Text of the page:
Narcocinema and the Politics of Drugsploitation
by Juan Llamas-Rodriguez — Concordia University
December 21, 2012 – 00:00
Given the ongoing drug wars in Mexico, and partly because of the films’ recent widespread availability online, the last few years have seen a newfound interest in narco movies from English-language media - evidenced in this CNN report as well as articles in the BBC and VICE magazine. For the past forty years, narco movies have been one of the most popular forms of entertainment in the Mexico-US border, often based on narcocorridos from the same area. These movies fall squarely within the exploitation canon: they are made on almost no budget, are characterised by their cheap aesthetics, appeal to the lowest forms of taste, and revel in their lurid subject matter. The attention garnered from mainstream English-language media is in part fueled by the correlated assumptions that popular movies are symptomatic of society at large and that they are the cause of real-world violence. The latter assumption is further emphasized by the fact that in 2011 the Mexican Congress added heavier sanctions to the Federal Penal Code - including, for the first time, significant jail time - for those found guilty of “promoting drug-related crime” in music, film, and advertising.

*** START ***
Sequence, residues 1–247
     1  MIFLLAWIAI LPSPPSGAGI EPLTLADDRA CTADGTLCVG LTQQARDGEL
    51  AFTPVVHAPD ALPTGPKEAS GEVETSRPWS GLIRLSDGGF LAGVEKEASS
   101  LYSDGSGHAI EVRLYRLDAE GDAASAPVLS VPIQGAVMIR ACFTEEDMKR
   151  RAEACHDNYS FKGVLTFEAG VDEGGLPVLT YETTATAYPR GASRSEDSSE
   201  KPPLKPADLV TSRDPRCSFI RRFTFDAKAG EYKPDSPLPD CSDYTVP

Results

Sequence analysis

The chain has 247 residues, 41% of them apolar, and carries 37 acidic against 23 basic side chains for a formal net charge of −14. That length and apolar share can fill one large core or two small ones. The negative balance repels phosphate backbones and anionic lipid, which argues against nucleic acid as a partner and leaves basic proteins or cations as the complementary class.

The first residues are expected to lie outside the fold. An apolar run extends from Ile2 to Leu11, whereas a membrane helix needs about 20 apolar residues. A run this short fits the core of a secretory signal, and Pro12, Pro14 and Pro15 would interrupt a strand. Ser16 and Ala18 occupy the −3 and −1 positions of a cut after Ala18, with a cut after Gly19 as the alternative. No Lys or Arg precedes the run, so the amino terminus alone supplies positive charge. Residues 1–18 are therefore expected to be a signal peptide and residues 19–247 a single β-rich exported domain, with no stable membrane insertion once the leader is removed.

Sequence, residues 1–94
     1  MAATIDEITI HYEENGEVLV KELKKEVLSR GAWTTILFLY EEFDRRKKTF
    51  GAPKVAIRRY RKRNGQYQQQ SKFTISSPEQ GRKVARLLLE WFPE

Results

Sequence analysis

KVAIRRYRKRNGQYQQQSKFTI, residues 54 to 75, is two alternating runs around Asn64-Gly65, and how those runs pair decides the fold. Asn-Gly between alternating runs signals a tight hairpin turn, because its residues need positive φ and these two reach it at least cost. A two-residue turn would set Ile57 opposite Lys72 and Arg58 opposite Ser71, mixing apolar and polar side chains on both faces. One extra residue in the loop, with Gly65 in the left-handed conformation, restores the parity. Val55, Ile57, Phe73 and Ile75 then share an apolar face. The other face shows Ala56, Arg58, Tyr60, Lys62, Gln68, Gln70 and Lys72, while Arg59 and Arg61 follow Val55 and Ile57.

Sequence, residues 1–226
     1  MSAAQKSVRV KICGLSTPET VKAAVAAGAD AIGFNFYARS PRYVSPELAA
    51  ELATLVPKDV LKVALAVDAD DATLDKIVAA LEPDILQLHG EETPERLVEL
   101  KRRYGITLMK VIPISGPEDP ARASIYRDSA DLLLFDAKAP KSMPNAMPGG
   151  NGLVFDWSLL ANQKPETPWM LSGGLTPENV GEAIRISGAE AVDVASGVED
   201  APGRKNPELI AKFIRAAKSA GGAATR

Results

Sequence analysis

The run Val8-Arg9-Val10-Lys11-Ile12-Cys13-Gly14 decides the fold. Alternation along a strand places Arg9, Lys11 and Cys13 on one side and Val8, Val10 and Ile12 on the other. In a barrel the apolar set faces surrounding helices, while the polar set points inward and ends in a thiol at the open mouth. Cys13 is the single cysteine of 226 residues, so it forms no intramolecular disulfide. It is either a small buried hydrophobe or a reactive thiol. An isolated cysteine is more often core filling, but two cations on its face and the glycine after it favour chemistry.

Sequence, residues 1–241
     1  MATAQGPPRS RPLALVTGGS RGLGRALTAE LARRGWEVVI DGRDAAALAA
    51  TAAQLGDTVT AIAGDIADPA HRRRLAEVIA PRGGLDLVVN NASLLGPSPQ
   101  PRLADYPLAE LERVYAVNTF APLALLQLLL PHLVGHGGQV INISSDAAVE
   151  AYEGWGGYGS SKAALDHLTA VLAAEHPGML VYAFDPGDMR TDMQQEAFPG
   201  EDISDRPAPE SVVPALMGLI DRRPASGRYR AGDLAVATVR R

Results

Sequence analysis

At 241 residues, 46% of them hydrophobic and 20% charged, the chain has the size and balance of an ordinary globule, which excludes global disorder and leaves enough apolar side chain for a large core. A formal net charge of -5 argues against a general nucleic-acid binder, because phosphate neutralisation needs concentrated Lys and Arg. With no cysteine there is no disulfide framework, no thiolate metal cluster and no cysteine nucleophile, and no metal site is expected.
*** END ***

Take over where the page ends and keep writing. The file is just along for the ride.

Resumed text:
In reigniting these age-old debates, I believe narcocinema proves to be an interesting case to address the contentious politics of contemporary exploitation films. For instance, governmental attempts to censor the production and circulation of these movies call to mind the elements of moral panics that have always sparked against exploitation films, but how is this backlash complicated when there is a very real sociopotilical crisis at hand? As well, the explosion of YouTube channels and blogs dedicated to cataloguing this expanding corpus of films has recast their consumption in decidedly different ways for international audiences. Vice Magazine may champion narco movies’ complete lack of taste as exotic and cool, but this focus not only obviates their local cultural relevance but also problematically de-politicizes them. Finally, rumors about the financing for these films that comes from traffickers and assertions that filmmakers self-censor to protect themselves further complicate the problematic nature of films’ representations: are these propaganda pictures, like the government claims, or just popular entertainment tapping into an existing cultural milieu?
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